That flame was probably lit during high school, while Chris was learning to cope with the fact that, short-ish and semi-squat, he’d rarely come across the opportunity to utilize a physical advantage to get the better of his opposition. Without the ability to body up defenders—most defenders, at least—or breeze around them with blinding quickness, he added an extra element to his repertoire, one that can’t be found in a weight room.
“We’re not talking Earl Boykins here,” Ravin says. “There’s a physical disadvantage, but there’s plenty of people who are undersized. I think what it is, he’s very discerning. He’s very disciplined. Not just in what he does, but with what information he intakes. He sifts through things. He’s thoughtful. There’s something to be said about that. He pulls through everything. There’s a lot of discretion and discipline in his thoughts, which makes him very unique.”
Using this strict, self-enforced process of thought, he’s picked up the ability to see the action unfold before it actually does. It’s tough to confirm, but everyone who’s coached Paul in some capacity truly believes he understands the sport a little differently than everybody else he’s on the court with.
“He sees things that people watching the game don’t see, and I think that carries over to his game,” corroborates Jeff Battle, an assistant coach at Wake Forest who mentored CP3 during his time there. “He’s always a play ahead; he always knows what guys are supposed to do. He does what the game wants him to do. It sounds simple, but it’s [not]. ‘If you do this on the ball screen, he does that.’ That’s hard, to be a point guard and really understand that concept.”
While training Chris on a day-to-day basis, Ravin is a first-hand witness to the methodology behind the madness. “He engages the workout in a cerebral way and an intellectual way,” he says. “With everything, it’s always contextual, like, ‘How would this situation resonate in my situation?’ ‘How would this work against players that would defend me?’ It’s always an application that he considers when he works out.”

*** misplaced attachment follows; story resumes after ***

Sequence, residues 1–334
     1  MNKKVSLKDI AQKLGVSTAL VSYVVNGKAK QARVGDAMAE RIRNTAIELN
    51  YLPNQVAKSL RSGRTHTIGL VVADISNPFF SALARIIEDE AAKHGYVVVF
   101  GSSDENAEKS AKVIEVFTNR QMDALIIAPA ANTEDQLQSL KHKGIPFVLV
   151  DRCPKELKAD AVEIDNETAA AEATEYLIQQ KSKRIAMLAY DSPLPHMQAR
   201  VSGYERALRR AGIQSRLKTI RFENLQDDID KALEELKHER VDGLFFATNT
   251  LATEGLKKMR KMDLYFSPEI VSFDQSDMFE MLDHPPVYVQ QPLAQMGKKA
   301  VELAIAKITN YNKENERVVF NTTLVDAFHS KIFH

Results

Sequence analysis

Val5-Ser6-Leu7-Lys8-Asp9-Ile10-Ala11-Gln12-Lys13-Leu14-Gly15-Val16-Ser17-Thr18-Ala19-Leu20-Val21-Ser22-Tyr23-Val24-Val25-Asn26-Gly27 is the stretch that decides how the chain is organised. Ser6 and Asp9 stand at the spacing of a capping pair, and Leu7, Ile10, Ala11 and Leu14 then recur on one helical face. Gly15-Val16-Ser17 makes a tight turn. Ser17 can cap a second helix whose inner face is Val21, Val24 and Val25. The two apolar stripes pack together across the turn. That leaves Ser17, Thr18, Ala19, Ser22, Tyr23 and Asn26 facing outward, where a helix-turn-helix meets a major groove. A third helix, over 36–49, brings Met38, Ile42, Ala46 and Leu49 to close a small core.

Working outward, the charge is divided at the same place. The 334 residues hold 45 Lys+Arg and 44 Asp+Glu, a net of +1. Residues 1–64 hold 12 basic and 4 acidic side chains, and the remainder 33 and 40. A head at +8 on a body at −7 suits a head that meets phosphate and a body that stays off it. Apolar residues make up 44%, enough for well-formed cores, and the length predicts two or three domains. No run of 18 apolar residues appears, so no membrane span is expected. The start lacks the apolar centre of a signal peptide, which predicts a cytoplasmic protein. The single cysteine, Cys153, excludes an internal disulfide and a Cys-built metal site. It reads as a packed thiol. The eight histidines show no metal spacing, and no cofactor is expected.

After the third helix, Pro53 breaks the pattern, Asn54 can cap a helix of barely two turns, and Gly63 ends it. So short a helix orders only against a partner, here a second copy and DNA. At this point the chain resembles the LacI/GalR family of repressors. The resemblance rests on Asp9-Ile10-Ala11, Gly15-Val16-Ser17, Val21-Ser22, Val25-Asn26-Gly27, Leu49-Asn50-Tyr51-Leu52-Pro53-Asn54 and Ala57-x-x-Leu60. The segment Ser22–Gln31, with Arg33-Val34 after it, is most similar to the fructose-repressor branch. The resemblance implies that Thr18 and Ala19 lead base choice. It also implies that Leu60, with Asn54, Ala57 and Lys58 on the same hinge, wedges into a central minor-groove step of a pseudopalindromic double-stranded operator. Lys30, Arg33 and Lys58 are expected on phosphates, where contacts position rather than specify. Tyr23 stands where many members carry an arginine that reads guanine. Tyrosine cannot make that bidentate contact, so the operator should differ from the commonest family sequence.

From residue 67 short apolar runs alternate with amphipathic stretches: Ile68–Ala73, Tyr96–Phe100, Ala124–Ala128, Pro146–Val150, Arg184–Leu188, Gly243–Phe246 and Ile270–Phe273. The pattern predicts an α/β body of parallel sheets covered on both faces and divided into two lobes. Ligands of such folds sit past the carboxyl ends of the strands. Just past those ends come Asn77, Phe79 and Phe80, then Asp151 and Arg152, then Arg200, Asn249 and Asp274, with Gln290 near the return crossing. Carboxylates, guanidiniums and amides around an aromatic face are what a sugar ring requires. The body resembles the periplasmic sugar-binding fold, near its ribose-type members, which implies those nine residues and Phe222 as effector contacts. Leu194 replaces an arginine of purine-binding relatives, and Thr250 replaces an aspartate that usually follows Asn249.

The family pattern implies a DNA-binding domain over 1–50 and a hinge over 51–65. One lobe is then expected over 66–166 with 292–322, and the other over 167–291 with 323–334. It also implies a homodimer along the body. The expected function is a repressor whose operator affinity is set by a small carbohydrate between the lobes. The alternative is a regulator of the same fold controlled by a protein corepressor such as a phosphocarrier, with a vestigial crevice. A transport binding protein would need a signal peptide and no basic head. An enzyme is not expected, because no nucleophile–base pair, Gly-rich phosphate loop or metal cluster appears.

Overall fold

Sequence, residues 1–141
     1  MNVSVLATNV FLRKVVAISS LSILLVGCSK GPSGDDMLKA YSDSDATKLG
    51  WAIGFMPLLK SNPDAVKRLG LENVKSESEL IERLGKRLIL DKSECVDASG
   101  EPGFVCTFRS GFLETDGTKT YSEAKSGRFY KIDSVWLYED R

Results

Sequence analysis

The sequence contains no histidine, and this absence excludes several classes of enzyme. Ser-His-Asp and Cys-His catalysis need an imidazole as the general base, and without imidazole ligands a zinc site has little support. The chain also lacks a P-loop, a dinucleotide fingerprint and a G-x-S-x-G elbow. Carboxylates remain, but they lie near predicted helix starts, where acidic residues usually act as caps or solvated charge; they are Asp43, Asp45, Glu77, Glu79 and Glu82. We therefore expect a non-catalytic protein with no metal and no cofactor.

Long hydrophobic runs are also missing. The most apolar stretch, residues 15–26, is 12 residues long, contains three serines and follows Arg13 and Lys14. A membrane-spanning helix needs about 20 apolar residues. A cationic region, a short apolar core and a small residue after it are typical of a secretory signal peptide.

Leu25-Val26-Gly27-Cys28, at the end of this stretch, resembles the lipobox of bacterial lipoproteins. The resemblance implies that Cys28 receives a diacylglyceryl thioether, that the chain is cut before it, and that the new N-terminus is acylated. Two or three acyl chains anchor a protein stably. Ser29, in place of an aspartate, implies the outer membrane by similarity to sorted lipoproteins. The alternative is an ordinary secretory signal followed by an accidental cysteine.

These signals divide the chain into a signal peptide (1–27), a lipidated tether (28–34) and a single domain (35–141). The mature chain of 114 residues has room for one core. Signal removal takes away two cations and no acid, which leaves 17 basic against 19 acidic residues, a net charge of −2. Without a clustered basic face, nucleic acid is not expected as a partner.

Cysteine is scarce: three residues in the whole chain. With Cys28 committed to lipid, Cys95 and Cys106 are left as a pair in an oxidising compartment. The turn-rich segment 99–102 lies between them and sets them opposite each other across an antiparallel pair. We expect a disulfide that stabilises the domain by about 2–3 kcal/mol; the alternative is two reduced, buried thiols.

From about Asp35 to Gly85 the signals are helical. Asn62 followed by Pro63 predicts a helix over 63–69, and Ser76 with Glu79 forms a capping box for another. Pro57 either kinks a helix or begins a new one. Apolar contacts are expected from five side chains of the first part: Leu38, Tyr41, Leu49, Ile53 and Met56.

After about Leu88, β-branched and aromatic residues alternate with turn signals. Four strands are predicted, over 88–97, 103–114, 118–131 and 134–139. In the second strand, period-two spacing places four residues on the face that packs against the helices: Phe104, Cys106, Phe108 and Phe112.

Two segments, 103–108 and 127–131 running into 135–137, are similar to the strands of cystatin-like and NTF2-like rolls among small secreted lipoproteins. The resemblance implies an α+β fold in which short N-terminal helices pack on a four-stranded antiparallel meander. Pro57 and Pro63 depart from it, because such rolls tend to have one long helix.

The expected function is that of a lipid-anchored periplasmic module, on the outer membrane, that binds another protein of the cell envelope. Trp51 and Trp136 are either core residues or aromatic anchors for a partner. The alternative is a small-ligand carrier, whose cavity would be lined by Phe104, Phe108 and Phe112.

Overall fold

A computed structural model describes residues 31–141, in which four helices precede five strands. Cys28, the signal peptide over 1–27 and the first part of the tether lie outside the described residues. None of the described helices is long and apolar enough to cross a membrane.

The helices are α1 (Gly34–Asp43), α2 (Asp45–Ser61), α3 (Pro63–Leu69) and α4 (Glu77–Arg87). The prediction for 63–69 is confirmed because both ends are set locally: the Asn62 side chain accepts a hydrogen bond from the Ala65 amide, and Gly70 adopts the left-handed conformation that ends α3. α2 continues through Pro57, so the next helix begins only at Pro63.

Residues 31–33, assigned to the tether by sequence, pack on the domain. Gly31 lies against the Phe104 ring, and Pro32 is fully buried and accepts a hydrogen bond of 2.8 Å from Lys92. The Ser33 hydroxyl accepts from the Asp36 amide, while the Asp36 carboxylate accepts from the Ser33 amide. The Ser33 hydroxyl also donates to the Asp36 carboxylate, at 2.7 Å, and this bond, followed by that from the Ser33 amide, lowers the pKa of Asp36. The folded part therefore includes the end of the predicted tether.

As anyone who’s ever fought for something against the odds can attest, there’s a specific competitive spark needed to keep pushing forward, to keep fighting. It’s that motivation that spawned the “internal flame” Fuller describes, and it’s the reason that flame—pardon the corny metaphor—continues to burn.
“When you look at Chris, what you don’t realize is how incredibly competitive he is,” Ravin says. “He’ll go after your heart, and he won’t stop. He’s relentless.”
“He used to have a ping-pong table down in the basement of his old house,” Fuller explains, “and we used to play ping-pong. He would absolutely annihilate anyone that came into that house. He would be breaking a sweat playing ping-pong because he didn’t want to be beat. When he was a sophomore, he’d come to my house and we’d play air hockey. I still have bruises on my fingers from how hard he was hitting the puck. Playing air hockey! He does not want to lose at anything, and that carries over to all areas of his life. Some of that, it becomes contagious.”
Perhaps that energy is one of the reasons CP wound up on the Player’s Association Executive Committee, and as a result was one of the main player reps during the ongoing lockout. The former West Forsyth High School senior class president does carry himself like a leader, after all. He maintains less responsibility than NBPA President Derek Fisher, but no other All-Star was involved in the exhausting labor negotiations as he was.
It’s a commitment he’s made despite all else that sits on his plate. Paul had himself quite the offseason: he hosted a charity game in Winston-Salem, NC, featuring LeBron James, Dwyane Wade, Kevin Durant, Carmelo Anthony and others; he appeared on Family Feud alongside his loved ones; he tied the knot with his college sweetheart; and he unveiled his newest signature sneaker, the CP3.V, which will hit stores this winter. He wasn’t able to complete an interview for this piece, but given all of the above, we understand.
And it’s clear things are just getting started for Chris. If his contract isn’t extended (by the Hornets or a trade partner) before the season tips off, the summer of 2012 is shaping up to be a wild one for this 26-year-old. That’s when said contract expires, of course, pitting his future as the next “Where will he go?” commotion post-LeBron and Melo. It may cost him a pretty penny or two to navigate the free-agent market—as opposed to staying in Louisiana, where the Hornets retain his Bird Rights and may line his pockets like no one else is permitted to—but regardless, he’ll be a wanted commodity somewhere, if not everywhere, and moving will have its indisputable advantages. And it’s equally safe to presume that wherever CP3 winds up, whether it’s back in New Orleans or elsewhere, the journey’s next chapter will present a challenge that’s sure to be embraced wholeheartedly, no matter the expectations.